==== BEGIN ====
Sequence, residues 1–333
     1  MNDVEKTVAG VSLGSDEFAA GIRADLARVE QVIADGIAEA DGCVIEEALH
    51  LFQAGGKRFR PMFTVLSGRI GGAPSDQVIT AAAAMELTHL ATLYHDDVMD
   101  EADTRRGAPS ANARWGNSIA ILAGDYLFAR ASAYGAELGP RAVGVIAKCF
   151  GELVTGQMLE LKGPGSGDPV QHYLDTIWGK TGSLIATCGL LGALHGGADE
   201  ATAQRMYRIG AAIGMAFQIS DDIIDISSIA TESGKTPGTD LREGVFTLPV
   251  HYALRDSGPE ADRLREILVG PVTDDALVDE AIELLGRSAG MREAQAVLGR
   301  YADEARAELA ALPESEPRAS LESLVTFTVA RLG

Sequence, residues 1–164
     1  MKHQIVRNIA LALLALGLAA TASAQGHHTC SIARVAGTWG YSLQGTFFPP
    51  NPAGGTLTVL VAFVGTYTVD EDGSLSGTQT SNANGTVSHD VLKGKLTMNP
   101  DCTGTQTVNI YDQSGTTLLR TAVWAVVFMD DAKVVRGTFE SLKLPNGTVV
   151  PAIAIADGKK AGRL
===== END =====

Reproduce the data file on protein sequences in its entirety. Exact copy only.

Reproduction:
Sequence, residues 1–333
     1  MNDVEKTVAG VSLGSDEFAA GIRADLARVE QVIADGIAEA DGCVIEEALH
    51  LFQAGGKRFR PMFTVLSGRI GGAPSDQVIT AAAAMELTHL ATLYHDDVMD
   101  EADTRRGAPS ANARWGNSIA ILAGDYLFAR ASAYGAELGP RAVGVIAKCF
   151  GELVTGQMLE LKGPGSGDPV QHYLDTIWGK TGSLIATCGL LGALHGGADE
   201  ATAQRMYRIG AAIGMAFQIS DDIIDISSIA TESGKTPGTD LREGVFTLPV
   251  HYALRDSGPE ADRLREILVG PVTDDALVDE AIELLGRSAG MREAQAVLGR
   301  YADEARAELA ALPESEPRAS LESLVTFTVA RLG

Sequence, residues 1–164
     1  MKHQIVRNIA LALLALGLAA TASAQGHHTC SIARVAGTWG YSLQGTFFPP
    51  NPAGGTLTVL VAFVGTYTVD EDGSLSGTQT SNANGTVSHD VLKGKLTMNP
   101  DCTGTQTVNI YDQSGTTLLR TAVWAVVFMD DAKVVRGTFE SLKLPNGTVV
   151  PAIAIADGKK AGRL